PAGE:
smitten by God, and afflicted.
5 But he was pierced for our transgressions;
he was crushed for our iniquities;
upon him was the chastisement that brought us peace,
and with his wounds we are healed.
6 All we like sheep have gone astray;
we have turned—every one—to his own way;
and the Lord has laid on him
the iniquity of us all.

verse 4, we thought x
verse 6, we were correct or we were wrong?

p 261, From Heaven He Came and Sought Her, Crossway, 2013, ed Gibson and Gibson

Alec Motyer—Verse 6 is a corrective to the misinterpretation of verse 4. Personal conversion has taken place, yet nothing is said about hearing and responding to the truth. There is no reference to personal decision, commitment or faith. It is the secret history of every conversion, the real story of “you did not choose me but I chose you”. It is also the death knell to any open-ended understanding of the atonement which seeks to posit a disjunction between redemption accomplished and applied.

Could any whose iniquities the Lord laid on His Servant fail to be saved? Could that laying-on prove ineffectual? Were any iniquities laid on the Servant save with the divine purpose of eternal salvation? The “we” of these crucial verses were locked into a failure to grasp what the Servant was all about, but our iniquities were laid by Yahweh on His Servant, and THIS is what led to our “seeing”. The atonement itself, and not something outside the atonement, is the cause for any conversion.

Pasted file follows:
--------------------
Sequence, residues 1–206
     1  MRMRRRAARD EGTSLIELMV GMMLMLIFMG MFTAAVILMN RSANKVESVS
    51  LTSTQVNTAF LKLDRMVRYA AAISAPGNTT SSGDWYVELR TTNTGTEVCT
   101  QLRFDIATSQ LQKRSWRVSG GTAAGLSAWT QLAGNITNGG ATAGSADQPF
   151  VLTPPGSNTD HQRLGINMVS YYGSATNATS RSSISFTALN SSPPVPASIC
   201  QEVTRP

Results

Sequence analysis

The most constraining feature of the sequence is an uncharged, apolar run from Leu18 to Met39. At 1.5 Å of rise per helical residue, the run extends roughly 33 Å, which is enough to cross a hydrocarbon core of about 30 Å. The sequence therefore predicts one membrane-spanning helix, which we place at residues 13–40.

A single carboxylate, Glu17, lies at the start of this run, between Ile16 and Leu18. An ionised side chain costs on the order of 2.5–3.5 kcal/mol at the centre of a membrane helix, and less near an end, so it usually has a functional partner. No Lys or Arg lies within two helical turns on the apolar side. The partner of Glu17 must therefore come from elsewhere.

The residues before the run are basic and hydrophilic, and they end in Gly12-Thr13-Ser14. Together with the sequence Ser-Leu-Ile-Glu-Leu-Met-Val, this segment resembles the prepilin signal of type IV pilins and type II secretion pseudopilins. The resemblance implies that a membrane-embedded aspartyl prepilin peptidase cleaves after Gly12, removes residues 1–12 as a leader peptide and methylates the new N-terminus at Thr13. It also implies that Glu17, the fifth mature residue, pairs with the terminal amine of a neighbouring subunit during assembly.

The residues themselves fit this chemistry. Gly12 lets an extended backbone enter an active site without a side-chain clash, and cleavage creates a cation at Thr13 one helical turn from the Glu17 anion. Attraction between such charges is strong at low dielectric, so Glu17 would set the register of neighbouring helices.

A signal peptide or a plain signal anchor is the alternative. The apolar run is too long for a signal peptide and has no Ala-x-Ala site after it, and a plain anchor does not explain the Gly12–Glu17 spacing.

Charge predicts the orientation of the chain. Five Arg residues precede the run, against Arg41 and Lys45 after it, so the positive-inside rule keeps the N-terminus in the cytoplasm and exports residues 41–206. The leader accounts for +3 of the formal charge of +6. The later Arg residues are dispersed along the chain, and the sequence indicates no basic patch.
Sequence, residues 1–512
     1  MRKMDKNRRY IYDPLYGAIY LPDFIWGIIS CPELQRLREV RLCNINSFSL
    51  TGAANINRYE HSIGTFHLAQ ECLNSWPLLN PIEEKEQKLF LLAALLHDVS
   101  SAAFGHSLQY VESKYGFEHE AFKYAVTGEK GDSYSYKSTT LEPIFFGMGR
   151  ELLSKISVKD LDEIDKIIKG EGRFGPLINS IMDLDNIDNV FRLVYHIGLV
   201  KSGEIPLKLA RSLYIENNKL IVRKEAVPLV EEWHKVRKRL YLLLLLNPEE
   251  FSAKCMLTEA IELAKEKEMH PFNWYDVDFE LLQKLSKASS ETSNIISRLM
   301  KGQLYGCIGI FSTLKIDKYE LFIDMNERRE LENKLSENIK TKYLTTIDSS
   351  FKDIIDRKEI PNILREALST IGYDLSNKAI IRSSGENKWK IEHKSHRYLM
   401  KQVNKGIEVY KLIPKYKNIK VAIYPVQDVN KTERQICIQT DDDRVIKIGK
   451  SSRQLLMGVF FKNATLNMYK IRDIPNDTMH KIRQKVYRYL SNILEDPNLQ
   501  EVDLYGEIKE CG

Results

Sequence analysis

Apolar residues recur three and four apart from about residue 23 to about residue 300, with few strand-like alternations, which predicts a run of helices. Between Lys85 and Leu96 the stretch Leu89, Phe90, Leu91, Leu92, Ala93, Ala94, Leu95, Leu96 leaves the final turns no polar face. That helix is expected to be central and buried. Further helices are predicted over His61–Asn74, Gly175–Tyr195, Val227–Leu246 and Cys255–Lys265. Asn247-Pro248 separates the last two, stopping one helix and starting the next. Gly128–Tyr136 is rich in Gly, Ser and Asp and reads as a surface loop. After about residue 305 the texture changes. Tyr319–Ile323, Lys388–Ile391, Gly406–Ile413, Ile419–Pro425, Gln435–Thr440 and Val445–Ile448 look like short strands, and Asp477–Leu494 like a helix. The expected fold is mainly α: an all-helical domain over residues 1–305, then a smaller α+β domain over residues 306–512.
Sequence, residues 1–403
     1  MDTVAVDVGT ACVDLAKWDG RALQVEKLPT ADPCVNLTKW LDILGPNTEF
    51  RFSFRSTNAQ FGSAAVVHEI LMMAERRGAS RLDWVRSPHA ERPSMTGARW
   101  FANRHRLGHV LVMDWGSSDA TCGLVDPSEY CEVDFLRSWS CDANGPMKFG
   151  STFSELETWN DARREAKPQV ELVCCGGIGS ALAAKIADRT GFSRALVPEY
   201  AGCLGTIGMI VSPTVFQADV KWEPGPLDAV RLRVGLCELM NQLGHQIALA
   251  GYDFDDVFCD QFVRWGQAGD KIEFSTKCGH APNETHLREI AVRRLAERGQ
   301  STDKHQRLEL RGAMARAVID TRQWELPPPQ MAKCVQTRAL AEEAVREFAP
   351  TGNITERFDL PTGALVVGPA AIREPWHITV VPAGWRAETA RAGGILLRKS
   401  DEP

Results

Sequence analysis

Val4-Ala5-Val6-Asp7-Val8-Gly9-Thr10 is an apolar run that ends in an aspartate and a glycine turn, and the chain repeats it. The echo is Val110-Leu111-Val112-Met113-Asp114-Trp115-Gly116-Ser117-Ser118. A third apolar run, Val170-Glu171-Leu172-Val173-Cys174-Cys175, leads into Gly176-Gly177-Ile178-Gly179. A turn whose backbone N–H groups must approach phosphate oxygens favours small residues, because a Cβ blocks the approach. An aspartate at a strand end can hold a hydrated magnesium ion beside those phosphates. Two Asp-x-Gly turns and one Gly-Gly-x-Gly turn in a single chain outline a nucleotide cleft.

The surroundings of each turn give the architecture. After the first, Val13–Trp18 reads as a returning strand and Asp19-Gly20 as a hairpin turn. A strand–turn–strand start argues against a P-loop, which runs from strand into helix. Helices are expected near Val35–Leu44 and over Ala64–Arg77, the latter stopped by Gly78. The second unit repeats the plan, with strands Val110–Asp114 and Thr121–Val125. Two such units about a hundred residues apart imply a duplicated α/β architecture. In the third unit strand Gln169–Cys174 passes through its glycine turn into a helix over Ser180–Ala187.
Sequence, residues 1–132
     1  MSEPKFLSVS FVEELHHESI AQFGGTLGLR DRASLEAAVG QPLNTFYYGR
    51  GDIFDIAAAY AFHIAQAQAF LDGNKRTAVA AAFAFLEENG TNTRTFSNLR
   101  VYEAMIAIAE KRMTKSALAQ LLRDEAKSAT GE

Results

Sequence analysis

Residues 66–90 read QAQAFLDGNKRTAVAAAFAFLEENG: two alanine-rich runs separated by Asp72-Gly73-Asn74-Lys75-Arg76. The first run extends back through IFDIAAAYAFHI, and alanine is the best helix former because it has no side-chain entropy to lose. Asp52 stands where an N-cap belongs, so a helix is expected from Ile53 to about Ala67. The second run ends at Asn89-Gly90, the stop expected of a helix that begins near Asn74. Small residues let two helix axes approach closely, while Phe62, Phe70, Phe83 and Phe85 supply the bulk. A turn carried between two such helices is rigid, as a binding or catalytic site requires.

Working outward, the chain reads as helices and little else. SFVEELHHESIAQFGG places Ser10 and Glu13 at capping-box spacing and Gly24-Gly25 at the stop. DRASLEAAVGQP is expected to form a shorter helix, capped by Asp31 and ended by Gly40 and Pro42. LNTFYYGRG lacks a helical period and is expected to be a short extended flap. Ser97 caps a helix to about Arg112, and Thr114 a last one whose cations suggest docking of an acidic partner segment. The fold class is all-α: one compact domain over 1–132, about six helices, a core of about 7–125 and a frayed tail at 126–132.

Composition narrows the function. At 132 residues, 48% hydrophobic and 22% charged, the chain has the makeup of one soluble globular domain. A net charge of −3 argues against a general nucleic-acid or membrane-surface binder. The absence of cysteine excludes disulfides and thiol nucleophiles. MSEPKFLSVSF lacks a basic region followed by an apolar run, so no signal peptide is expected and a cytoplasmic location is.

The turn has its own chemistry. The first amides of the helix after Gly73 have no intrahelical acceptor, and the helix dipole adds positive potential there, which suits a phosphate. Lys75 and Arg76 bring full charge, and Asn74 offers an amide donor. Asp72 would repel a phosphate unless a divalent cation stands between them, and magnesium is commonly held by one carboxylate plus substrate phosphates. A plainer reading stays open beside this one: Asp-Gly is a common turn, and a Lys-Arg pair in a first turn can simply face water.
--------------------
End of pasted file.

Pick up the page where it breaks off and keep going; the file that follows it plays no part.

The Lord Himself is at work. he is the Agent behind the bruising (verse 10) and the Guarantor and Apportioner of the results (verse 12), by making sure that the Servant is rewarded as he deserves. The Servant’s reward arises not from His righteousness, nor even from His shocking suffering, but solely from His sin-bearing death. His death, that and nothing else, ensures the results of redemption applied.

The Servant is not just the Procurer of the results of His death. He is also the adminstrater of the results of His death. The Servant is not like others who died, but lives to administer the atonement he accomplished by His death. The Servant is not engaged in further self-offering. He is administering the fruits of a past historical act.

Isaiah’s “Behold, my servant shall succeed” matches the great cry, “It is finished (John 19:30) and forces us to ask what “finished” means in John and what “succeed” means in Isaiah. On any “open-ended” view of the atonement–that is, that the work of Christ only made salvation possible rather than actually secured salvation–“finished” only means “started” and “succeed” only means “maybe, contingent” on God contributing something else in the sinner